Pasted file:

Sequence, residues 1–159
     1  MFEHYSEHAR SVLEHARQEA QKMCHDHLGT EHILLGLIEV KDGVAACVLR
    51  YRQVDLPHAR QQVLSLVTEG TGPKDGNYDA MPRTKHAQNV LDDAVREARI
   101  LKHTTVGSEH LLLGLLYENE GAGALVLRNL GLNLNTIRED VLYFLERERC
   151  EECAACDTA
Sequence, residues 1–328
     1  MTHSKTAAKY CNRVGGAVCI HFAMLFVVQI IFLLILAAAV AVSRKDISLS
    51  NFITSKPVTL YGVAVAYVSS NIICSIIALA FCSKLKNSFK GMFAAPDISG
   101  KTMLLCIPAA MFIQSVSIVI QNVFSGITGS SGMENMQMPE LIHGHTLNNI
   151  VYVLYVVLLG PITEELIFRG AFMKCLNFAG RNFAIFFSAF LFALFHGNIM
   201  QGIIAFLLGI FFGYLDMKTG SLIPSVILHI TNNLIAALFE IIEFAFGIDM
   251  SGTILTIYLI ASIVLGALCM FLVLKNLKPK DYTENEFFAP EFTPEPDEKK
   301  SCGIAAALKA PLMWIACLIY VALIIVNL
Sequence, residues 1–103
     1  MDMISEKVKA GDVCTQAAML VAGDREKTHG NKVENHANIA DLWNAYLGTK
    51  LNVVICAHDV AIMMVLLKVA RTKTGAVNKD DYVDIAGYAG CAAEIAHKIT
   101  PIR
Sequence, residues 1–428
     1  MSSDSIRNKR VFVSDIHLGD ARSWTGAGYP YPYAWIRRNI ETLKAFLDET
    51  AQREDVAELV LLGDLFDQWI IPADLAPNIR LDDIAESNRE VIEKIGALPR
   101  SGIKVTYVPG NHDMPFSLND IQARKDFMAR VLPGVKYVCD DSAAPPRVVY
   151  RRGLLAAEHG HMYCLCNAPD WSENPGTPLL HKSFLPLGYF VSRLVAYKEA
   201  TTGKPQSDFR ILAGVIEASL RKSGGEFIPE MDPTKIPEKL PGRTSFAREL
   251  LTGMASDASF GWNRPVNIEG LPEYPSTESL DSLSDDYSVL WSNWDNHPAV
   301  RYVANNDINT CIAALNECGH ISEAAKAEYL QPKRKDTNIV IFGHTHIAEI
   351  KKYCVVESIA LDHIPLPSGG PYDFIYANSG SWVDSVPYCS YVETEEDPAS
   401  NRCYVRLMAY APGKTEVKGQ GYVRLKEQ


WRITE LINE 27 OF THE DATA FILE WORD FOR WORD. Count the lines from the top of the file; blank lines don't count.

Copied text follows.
   401  NRCYVRLMAY APGKTEVKGQ GYVRLKEQ